So it is important to be realistic when balancing what you want for your horse with what is realistically feasible.
What's The Problem?
Unfortunately, the feeding program practices described above can lead to health problems for your horse.
Most commercial feeds are much higher in Omega 6 fatty acids than Omega 3 fatty acids. While both are essential in the diet, Omega 6's are generally considered pro-inflammatory, while Omega 3's support anti-infammatory reactions. Since horses were built to thrive on grasses, which are much richer in Omega 3's than 6's, high grain diets can result in a chronic pro-inflammatory state. This can result in added stress on cells throughout the body.
Feeding infrequent meals leaves your horse's stomach empty for long periods of time. Some barns spread meals out by adding a "lunch". This additional serving definitely helps, but it's important to remember what is happening in your horse's stomach between meals.
With the constant secretion of gastric acid and no saliva to buffer it, an empty stomach is at high right for gastric ulcers. This painful condition can affect your horse's appetite and digestive function, leading to weight loss, and unthrifty appearance, decreased performance, a poor attitude and even colic.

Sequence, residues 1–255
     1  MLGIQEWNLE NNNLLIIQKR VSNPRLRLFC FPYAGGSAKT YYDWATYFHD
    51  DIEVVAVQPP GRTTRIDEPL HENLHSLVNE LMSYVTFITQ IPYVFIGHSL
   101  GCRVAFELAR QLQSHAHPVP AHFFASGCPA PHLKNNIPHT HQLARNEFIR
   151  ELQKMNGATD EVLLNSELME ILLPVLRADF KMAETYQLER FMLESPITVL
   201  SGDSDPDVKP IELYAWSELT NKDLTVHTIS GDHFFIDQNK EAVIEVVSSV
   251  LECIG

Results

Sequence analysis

Fianally, the equine hindgut was designed for continuous fermentation throughout the day. Fasting and then feasting can cause digestive upset, disrupting the delicate balance in the large intestine, which can result in a number of problems, including painful build-up of excess gas. The modern diet was not designed for your horse's optimum health.
What You Can Do
The good news is, you can help! Even if you're not able to completely overhaul the way you feed your horse, there are things you can do that will help keep him happier and healthier.
Where to Begin
The majority of every horse's diet should consist of roughage, like hay or fresh pasture. In fact, your horse should be eating 1-2% of his body weight in hay or other forage every day. For a 1,000lb horse, that is 10-20lbs daily! Ideally, your horse would have free choice, but if that's not possible, try to spread out his meals throughout the day.